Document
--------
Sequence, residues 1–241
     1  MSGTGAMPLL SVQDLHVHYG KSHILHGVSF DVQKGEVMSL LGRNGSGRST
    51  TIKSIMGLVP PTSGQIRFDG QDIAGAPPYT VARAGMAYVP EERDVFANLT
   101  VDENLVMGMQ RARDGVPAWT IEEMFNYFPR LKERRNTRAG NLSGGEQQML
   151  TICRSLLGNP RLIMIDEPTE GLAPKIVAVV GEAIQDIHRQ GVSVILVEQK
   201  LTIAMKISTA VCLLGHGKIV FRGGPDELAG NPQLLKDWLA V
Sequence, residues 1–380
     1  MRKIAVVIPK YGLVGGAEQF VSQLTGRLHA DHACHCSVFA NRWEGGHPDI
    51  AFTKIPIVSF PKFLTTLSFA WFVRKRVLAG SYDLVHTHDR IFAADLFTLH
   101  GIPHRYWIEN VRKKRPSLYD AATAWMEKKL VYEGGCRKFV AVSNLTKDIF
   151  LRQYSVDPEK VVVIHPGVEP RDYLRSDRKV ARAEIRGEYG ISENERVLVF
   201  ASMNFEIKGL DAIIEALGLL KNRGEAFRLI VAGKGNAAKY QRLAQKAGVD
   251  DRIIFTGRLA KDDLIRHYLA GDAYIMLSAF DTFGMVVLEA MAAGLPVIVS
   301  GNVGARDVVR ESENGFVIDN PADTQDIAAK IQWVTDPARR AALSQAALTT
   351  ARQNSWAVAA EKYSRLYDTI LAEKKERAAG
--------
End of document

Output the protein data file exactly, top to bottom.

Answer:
Sequence, residues 1–241
     1  MSGTGAMPLL SVQDLHVHYG KSHILHGVSF DVQKGEVMSL LGRNGSGRST
    51  TIKSIMGLVP PTSGQIRFDG QDIAGAPPYT VARAGMAYVP EERDVFANLT
   101  VDENLVMGMQ RARDGVPAWT IEEMFNYFPR LKERRNTRAG NLSGGEQQML
   151  TICRSLLGNP RLIMIDEPTE GLAPKIVAVV GEAIQDIHRQ GVSVILVEQK
   201  LTIAMKISTA VCLLGHGKIV FRGGPDELAG NPQLLKDWLA V
Sequence, residues 1–380
     1  MRKIAVVIPK YGLVGGAEQF VSQLTGRLHA DHACHCSVFA NRWEGGHPDI
    51  AFTKIPIVSF PKFLTTLSFA WFVRKRVLAG SYDLVHTHDR IFAADLFTLH
   101  GIPHRYWIEN VRKKRPSLYD AATAWMEKKL VYEGGCRKFV AVSNLTKDIF
   151  LRQYSVDPEK VVVIHPGVEP RDYLRSDRKV ARAEIRGEYG ISENERVLVF
   201  ASMNFEIKGL DAIIEALGLL KNRGEAFRLI VAGKGNAAKY QRLAQKAGVD
   251  DRIIFTGRLA KDDLIRHYLA GDAYIMLSAF DTFGMVVLEA MAAGLPVIVS
   301  GNVGARDVVR ESENGFVIDN PADTQDIAAK IQWVTDPARR AALSQAALTT
   351  ARQNSWAVAA EKYSRLYDTI LAEKKERAAG